With the school year ending in Arizona, you can help your child for the next school year right now. You and the school should have a good idea of how your child is doing with the school closure.
The Department of Education has made it clear that schools are still required to provide a free appropriate public education (FAPE) to students with disabilities during the school closures. (See prior blog post) If a school has not provided FAPE then the school will be required to consider offering compensatory education services after school returns. Compensatory education is education services to make up for lost time or lack of progress based on the school not providing FAPE.
This will not be a blanket, catch all provision. It would not be proper, for example, to state that all students with IEPs get 2 hours per week of compensatory education from March to May 2020. Instead, the schools will be required to make individualized determinations about how the closure has affected each student with disabilities.
For most students already on IEPs, the school closures likely coincided with 3rd quarter report cards. The schools should have provided a report of progress on your child’s IEP goals around that time. This is good news because it should establish how your child was doing on their IEP goals at or around the time schools closed and everything changed.
It is very important, then, to document how your child has been doing since the school closure. With this information, you can show how much progress your child made or lost from March to May 2020 or August 2020. You will need to give the school something to rely on in determining if compensatory education is owed and how much.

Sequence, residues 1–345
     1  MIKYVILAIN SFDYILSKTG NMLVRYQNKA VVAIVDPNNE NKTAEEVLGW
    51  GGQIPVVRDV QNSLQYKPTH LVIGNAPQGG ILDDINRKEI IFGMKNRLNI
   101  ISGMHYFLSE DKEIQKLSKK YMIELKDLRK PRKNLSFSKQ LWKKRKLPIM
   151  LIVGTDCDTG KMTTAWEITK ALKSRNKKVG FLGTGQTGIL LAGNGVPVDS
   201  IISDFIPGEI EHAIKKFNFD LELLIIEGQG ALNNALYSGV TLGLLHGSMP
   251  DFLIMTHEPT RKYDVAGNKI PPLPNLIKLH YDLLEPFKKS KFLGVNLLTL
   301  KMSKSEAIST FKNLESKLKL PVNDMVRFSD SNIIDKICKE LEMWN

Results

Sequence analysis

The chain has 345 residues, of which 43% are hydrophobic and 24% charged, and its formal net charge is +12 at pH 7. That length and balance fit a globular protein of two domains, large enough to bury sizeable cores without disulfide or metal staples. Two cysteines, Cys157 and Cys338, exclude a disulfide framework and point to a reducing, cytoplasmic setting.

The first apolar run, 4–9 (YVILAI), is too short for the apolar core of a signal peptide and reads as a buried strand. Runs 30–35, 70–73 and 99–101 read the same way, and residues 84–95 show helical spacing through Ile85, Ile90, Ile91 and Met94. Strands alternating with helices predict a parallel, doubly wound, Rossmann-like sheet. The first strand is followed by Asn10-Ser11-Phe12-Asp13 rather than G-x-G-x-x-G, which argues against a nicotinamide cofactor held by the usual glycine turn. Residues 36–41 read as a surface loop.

With your student at home you should try to collect some data on what he or she can do related to the IEP goals and his or her needs.
You could try to video record your child doing or attempting a task from their IEP goals.
Additionally, you can ask the school to provide you with copies of the forms they used to track the goals.
Even keeping track of their progress in a notebook or on the computer is good.
If your child had related services (such as speech-language or occupational therapy services) on their IEP, you should also track any sessions that were missed as a result of the school closures.
Whatever method you use, it is important that you document how your child is doing. If your child is doing better in the online learning environment with fewer distractions, that is great. If your child has declined since March 2020, you and the school should know that.
When school resumes (or even before) you can share that information with the school to help them determine what type and amount of compensatory education may be needed. With schools closed and likely not offering the same services, the school will be more likely to accept and rely on your data especially if they do not have their own data.
If you document how your child has been doing during the closures, you will know what is working and what is not and whether any compensatory services may be owed. This is a good way to get off on the right foot once school resumes. Good luck!
I will be posting updates as more information becomes available. If you have specific concerns for a special education attorney, please feel free to contact the Law Office of Richard J. Murphy, PLC for a free legal consultation. This is a confusing time for everyone including educators, students with disabilities and their families. The Law Office of Richard J. Murphy, PLC is ready to help students with disabilities and their families.